GitHub and Yubico pioneer U2F authentication globally
Available to 11 million developers since October 2015
About our customer GitHub
Founded in 2008, GitHub has grown to become one of the largest developer communities in the world. Today, the site boasts more than 11 million users working on almost 27 million projects. To help ensure the security of all these projects, GitHub announced support for two-factor authentication with U2F-certified YubiKeys in October 2015.
The need for 2FA security to defend against phishing attacks
“Security is, without a doubt, the most important thing we do at GitHub. Our entire job is to ensure the privacy and confidentiality of the code that our users entrust us with,” said Shawn Davenport, Vice President of Security at GitHub. The company, which hosts Universal Two Factor (U2F) open-source libraries as part of the GitHub repositories, adopted the U2F two factor standard for its platform. The goal was to provide U2F keys to employees and thousands of developers worldwide.
GitHub’s volume of sensitive data demands proactive efforts to constantly improve security and access controls. In September 2013, GitHub introduced two-factor authentication (2FA) with SMS and TOTP in an effort to elevate GitHub’s security posture. One of the drawbacks was the low reliability and usability of these methods at that time. In addition, they did not protect against modern hacker techniques, such as phishing and man-in-the-middle attacks.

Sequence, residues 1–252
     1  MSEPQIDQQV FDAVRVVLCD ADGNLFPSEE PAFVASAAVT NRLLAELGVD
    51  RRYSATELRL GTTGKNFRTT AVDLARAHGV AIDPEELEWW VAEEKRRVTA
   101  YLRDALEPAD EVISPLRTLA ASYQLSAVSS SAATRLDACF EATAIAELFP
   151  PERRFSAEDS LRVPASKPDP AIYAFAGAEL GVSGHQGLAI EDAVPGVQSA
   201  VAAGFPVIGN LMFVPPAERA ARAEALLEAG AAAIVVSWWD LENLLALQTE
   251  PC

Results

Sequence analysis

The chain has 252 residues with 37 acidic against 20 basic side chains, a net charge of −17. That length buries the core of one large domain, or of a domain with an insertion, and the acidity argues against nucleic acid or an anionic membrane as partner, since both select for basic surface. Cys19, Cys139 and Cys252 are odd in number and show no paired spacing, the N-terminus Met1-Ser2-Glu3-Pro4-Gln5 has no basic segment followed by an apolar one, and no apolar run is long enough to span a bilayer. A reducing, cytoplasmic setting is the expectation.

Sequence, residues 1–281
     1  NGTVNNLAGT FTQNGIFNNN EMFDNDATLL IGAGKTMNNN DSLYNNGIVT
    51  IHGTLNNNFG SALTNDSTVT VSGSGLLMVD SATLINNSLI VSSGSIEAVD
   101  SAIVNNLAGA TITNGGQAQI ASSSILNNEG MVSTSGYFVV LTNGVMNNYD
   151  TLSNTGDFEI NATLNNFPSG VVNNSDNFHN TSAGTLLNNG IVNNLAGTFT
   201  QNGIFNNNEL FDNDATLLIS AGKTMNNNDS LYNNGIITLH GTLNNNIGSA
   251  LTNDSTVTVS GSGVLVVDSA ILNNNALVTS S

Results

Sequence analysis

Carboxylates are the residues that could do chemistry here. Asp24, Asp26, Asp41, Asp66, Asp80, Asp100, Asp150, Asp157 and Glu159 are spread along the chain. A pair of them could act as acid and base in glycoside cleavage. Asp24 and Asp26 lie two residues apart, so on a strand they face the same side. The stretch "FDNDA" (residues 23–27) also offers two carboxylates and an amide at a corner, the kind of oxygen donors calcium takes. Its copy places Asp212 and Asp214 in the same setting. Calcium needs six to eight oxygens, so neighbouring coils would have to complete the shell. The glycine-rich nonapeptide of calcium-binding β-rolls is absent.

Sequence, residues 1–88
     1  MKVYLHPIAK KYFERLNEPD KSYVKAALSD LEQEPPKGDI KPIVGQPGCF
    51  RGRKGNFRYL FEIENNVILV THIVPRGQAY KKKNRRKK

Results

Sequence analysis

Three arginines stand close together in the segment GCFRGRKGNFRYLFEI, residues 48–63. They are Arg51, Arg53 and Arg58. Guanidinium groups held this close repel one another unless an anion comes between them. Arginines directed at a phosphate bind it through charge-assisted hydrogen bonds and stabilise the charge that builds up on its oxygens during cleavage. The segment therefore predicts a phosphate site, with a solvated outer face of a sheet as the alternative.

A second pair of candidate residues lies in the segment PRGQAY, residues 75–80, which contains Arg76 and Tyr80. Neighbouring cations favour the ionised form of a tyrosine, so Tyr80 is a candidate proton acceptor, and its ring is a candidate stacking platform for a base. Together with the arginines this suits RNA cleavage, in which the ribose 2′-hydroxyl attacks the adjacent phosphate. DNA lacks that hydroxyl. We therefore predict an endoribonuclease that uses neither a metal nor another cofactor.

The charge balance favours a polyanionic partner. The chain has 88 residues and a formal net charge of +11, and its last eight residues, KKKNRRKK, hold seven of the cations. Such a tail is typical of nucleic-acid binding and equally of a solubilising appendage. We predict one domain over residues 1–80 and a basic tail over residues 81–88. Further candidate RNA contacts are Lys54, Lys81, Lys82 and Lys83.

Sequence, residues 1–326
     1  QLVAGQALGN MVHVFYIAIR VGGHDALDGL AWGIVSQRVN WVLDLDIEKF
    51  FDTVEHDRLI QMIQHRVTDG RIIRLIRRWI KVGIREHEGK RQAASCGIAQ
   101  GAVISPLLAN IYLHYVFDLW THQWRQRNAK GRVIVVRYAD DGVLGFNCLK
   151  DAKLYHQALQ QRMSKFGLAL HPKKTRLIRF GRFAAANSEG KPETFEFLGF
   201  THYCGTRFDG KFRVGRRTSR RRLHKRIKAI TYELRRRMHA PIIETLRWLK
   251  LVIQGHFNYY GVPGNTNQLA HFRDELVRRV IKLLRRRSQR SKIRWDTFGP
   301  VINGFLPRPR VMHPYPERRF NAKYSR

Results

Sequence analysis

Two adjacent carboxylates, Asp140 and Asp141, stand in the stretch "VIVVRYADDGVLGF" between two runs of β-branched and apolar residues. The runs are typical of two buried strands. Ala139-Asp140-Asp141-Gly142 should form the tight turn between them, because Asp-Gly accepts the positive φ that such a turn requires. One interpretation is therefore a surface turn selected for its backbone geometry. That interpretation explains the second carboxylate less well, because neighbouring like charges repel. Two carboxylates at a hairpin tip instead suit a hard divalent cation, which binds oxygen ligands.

“Here at GitHub we want to make U2F truly universal. U2F helps security by bringing a very user-friendly, easy-to-use device to end users and developers and providing strong, hardware-backed, multifactor authentication.”
YubiKey simplifies the development of two factor U2F security
In October 2014, the security team at GitHub discovered the YubiKey and began working to incorporate support for it within their platform. The team modified the Chrome extensions to support internal testing for GitHub’s development URLs. Github then worked to enroll the U2F key registration in the database, simplify user registration, and enable user authentication flows developed through Ruby on Rails. The project eventually included multiple key pair registration and the ability to add nicknames to each key pair registration, which provided an easy way to identify where each key could be used. A user interface was also developed to help simplify registration for the U2F protocol.
GitHub used Yubico’s self-service model, reference code from the Yubico developer website, and Google reference code to quickly implement the solution. Yubico and GitHub worked together to verify user flows and create an optimized user experience.
From internal beta to global deployment in just months
After a very successful pilot project with the GitHub staff, GitHub released U2F-backed strong authentication using the YubiKey to its community of 11 million developers in October 2015. The success of GitHub’s deployment clearly illustrates how quickly the YubiKey can scale to support millions of users around the world. “The YubiKey devices are durable, easy to use, and they bring strong authentication to the user,” said Davenport. “GitHub hopes to make U2F truly universal, first by adopting the standard for our platform, but then also to provide the YubiKey to tens of thousands of developers worldwide.”